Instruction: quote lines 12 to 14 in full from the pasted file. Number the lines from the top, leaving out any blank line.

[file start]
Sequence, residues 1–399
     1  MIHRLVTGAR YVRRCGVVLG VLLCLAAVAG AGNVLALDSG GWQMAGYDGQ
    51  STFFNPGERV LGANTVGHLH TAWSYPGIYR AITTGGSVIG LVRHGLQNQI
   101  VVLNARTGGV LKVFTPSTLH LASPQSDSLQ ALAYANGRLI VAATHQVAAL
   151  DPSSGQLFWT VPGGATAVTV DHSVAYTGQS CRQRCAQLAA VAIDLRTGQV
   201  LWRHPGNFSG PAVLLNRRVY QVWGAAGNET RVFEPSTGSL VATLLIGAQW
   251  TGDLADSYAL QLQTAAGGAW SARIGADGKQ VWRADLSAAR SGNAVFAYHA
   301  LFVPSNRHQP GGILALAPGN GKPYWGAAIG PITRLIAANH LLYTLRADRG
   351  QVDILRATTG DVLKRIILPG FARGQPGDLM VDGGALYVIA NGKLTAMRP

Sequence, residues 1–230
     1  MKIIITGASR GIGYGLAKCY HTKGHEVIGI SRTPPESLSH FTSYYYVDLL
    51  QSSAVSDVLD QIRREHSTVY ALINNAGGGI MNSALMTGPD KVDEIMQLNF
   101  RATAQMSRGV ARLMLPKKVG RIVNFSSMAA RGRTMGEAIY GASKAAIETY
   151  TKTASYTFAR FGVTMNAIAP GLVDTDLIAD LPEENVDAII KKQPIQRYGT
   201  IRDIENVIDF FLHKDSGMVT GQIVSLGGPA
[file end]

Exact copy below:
    51  QSSAVSDVLD QIRREHSTVY ALINNAGGGI MNSALMTGPD KVDEIMQLNF
   101  RATAQMSRGV ARLMLPKKVG RIVNFSSMAA RGRTMGEAIY GASKAAIETY
   151  TKTASYTFAR FGVTMNAIAP GLVDTDLIAD LPEENVDAII KKQPIQRYGT